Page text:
Toy building blocks are a recurring source of inspiration for architects and artists. Simple and geometric, they were originally designed as a tool to develop creativity and teach younger ones to feel primary shapes and colours. Designers reimagine building blocks to turn them into a creative toy, a brand new modelling kit or even an artwork.

Royal College of Art graduate Alessandra Fumagalli Romario has developed Imaginary Language, a set of archetypical geometric objects that can be combined to create a variety of new forms. The project is based on Irving Biderman’s theory of psychology, according to which the human brain recognizes objects by isolating them into basic geometrical forms named ‘geons’.

Imaginary Language by Alessandra Fumagalli Romario (also header image)

Imaginary Language is described by Romario as a tool to foster creativity in children and actors.  According to Romario, creativity is a really important value to learn. The set of simple shapes is designed to encourage creative play among children and be used as tools to aid actors in improvisational exercises. Users can then assign functions and meaning to their creations by projecting their own socio-cultural experiential knowledge onto them.

Imaginary Language by Alessandra Fumagalli Romario

Romario also developed a modular collection of furniture called Creo based on the forms and principles of Imaginary Language. It is made of geometrical shapes that users can assemble in different shapes and assign a function to them.

Tsumiki by Kengo Kuma

One of Japan’s most respected architects Kengo Kuma has created a modelling kit named Tsumiki, which is Japanese for building blocks. The set consists of V-shaped wooden pieces that can be stacked and arranged in different ways to create complex unique sculptures without the need for adhesives. The V shape enable the pieces to support themselves when stood up or laid on the side. The formations can be easily disassembled into components that can be reused.

Tsumiki by Kengo Kuma

Kuma admits that he has loved building blocks since he was a young boy, and he looks upon his project as designing the sort of tsumiki which hasn’t existed before.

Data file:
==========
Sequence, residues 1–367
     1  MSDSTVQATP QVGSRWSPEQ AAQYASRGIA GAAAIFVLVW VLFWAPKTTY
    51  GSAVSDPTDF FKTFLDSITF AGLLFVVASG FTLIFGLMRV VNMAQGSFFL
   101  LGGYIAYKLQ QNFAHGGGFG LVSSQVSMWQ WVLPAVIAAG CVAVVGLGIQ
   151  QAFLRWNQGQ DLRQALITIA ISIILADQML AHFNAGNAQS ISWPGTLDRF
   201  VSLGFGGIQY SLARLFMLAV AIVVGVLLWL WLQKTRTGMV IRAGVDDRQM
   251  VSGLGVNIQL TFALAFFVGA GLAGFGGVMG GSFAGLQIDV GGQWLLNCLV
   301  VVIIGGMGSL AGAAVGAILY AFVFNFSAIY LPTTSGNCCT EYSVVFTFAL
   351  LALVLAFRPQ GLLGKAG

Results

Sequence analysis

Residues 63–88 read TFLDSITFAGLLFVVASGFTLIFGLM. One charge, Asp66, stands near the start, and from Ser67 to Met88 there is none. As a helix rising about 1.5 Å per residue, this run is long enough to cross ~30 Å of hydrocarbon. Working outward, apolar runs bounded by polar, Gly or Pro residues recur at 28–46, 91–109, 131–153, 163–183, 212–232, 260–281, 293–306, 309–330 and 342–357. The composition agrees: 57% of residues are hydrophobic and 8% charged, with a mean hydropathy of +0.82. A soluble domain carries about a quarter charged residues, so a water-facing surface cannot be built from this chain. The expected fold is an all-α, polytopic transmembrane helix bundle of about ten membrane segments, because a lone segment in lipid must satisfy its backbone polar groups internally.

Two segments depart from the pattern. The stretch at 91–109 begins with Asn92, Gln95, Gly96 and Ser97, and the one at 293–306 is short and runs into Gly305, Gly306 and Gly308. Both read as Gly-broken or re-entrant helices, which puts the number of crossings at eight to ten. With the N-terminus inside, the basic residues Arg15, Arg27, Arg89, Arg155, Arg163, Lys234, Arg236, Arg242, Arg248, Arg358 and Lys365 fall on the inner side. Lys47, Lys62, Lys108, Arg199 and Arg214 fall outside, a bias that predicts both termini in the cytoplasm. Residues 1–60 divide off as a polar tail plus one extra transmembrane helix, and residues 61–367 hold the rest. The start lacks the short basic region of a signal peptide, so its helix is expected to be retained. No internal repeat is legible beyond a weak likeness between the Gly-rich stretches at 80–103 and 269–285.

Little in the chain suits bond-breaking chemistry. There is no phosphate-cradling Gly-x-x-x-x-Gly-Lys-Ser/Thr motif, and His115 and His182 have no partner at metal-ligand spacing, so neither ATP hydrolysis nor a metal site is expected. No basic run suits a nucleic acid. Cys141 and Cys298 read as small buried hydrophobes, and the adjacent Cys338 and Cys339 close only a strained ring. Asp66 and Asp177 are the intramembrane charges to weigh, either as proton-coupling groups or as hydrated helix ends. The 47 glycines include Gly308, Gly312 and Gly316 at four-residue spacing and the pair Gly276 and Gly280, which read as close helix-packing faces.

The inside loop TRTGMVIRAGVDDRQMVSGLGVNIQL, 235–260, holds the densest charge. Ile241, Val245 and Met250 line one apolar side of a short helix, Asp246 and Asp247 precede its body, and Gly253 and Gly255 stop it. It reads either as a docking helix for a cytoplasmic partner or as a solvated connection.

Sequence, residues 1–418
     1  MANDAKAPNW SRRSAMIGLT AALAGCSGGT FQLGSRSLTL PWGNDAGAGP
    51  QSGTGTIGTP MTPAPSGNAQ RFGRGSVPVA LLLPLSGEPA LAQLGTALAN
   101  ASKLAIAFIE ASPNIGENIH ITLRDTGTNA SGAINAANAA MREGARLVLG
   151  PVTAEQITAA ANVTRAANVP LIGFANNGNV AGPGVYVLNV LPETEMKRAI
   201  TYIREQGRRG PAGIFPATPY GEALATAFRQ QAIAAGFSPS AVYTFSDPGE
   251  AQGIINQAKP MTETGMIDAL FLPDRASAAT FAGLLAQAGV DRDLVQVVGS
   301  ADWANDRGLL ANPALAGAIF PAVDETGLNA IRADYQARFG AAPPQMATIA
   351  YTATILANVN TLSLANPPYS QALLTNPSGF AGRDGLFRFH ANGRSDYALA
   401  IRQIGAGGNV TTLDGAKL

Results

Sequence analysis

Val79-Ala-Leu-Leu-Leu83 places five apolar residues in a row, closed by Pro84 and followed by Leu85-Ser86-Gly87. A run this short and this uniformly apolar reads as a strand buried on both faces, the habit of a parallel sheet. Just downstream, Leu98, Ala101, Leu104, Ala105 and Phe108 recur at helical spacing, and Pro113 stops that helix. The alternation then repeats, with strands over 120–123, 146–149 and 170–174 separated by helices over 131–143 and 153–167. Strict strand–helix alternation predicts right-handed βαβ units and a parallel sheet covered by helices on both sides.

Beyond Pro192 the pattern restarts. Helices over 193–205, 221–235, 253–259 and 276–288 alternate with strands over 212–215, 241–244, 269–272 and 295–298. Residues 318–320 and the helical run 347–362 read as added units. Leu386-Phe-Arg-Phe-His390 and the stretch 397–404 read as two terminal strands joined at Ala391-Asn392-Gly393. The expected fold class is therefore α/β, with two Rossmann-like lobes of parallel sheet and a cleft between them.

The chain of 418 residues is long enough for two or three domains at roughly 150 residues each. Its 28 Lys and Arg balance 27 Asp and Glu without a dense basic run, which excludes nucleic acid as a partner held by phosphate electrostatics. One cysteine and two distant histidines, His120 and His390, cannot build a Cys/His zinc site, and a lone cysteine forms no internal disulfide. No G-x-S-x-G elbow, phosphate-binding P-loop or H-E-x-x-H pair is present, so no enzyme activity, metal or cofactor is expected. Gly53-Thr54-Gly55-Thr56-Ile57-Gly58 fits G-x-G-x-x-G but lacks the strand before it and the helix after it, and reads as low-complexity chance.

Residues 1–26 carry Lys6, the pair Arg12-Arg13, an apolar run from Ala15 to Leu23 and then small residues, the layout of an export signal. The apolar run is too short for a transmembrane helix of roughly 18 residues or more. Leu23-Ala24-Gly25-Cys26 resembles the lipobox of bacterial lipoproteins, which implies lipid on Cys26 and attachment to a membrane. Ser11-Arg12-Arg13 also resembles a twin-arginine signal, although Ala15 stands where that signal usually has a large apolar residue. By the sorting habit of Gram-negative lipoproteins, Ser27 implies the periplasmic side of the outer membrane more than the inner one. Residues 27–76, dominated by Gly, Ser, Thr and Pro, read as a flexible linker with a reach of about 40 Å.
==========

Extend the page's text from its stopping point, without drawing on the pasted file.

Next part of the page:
Tsumiki pavilion by Kengo Kuma

Kuma’s Tokyo-based studio even created a temporary pavilion made of giant-sized Tsumiki pieces for Tokyo Design Week 2015.

Objekts by Steven Scicluna

Graphic artist Steven Scicluna from Valencia, Spain has designed Objekts, a series of hand-crafted wooden sculptures made up of simple shapes and primary colors and intended for home use. Conceptually, Objekts were an attempt to create something playful and pure, attractive in its geometric simplicity.

Objekts by Steven Scicluna

Just like classic children’s building blocks and towers, Objekts encourages users to create their own compositions. The only difference is that they are equally as unique as any artwork you hang on your walls.

Modular sculptures by Conrad Willems

Going further still, Ghent-based artist Conrad Willems has based his architectural sculptures on the children’s wooden construction blocks developed in the 19th century by educational theorist and teacher Frederich Fröbel.

Modular sculptures by Conrad Willems

Willems believes  ‘play’ is a really important concept. Owning more than 2000 actual toy pieces in his collection, he uses them to make a structure for his sculptures. Willems’ artworks are made of sandstone blocks which are not affixed in any way, but placed on top of each other in a specific building order.